not conforming to the published practices in a special manner. Note not conforming to the published practices in a special manner. Note
that the ability to state an enhanced guarantee of a valid signature that the ability to state an enhanced guarantee of a valid signature
means that senders should expect mail that traverses modifying means that senders should expect mail that traverses modifying
intermediaries (eg, mailing lists, etc) will be likely be quarantined intermediaries (eg, mailing lists, etc) will be likely be quarantined
or deleted, thus this scenario is more narrow than problem scenario or deleted, thus this scenario is more narrow than problem scenario
1. 1.
[Informative Note: in terms of a receiving filter, one may choose [Informative Note: a receiving filter may choose to treat scenario
to treat scenario 2 much more harshly than scenario 1; where 2 much more harshly than scenario 1; where scenario 1 looks odd,
scenario 1 looks odd, scenario 2 looks like something is very scenario 2 looks like something is very wrong]
wrong]
1. Mail with a [RFC2822].From A purportedly sends to B with a 1. Mail with a [RFC2822].From domain Alice is sent to domain Bob
missing or broken first party DKIM signature from A with a missing or broken first party DKIM signature from domain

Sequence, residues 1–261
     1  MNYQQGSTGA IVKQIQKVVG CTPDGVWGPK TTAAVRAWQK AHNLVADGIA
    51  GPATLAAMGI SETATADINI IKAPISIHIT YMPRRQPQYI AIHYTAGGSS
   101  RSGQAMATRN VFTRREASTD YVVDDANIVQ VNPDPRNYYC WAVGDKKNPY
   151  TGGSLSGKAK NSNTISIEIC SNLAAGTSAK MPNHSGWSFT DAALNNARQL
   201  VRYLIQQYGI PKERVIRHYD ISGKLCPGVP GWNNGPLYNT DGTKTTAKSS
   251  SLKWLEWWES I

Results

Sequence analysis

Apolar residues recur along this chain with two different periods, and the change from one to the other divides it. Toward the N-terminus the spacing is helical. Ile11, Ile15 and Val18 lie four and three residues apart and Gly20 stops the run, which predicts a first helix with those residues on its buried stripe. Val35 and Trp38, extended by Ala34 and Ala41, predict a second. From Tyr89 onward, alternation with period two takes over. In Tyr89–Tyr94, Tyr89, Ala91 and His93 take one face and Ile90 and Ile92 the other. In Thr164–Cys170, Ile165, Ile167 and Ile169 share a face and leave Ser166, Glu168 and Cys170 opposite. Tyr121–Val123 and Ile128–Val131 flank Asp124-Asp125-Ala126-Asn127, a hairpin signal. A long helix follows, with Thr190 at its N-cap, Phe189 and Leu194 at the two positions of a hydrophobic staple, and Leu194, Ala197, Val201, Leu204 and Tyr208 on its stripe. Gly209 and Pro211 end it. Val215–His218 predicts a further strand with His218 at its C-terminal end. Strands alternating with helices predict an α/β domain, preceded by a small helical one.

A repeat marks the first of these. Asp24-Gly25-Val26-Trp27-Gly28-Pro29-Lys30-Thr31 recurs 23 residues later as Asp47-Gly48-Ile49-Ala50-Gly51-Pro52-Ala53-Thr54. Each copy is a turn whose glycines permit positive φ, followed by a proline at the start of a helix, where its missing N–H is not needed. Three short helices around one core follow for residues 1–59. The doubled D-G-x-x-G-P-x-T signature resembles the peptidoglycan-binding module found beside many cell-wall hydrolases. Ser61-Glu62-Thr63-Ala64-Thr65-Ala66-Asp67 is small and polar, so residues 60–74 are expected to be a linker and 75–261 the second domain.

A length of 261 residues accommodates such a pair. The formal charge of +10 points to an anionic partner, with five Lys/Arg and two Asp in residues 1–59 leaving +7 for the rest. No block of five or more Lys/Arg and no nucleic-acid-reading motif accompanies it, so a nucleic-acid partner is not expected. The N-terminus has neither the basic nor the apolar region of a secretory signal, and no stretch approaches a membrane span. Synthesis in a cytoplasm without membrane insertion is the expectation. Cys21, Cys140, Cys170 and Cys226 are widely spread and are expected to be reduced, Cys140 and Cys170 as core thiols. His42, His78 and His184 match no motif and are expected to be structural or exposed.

2. B would like to know whether that is an expected state of Alice
affairs. 2. Domain Bob would like to know whether that is an expected state
of affairs.
3. A provides information that it signs all outgoing mail, but 3. Domain Alice provides information that it signs all outgoing
places an expectation that it should arrive with an intact first mail, and furthermore places an expectation that it should arrive
party signature, and that the receiver should be much more wary with an intact first party signature, and that the receiver
if it does not. should be much more wary if it does not.
4. B could use this information to bias its filters such that it 4. Domain Bob could use this information to bias its filters such
examines the message with great suspicion. that it examines the message with great suspicion.
4. SSP Deployment Considerations 4. SSP Deployment Considerations
Given the problems enumerated above for which we'd like SSP to Given the problems enumerated above for which we'd like SSP to
provide information to recipients, there are a number of scenarios provide information to recipients, there are a number of scenarios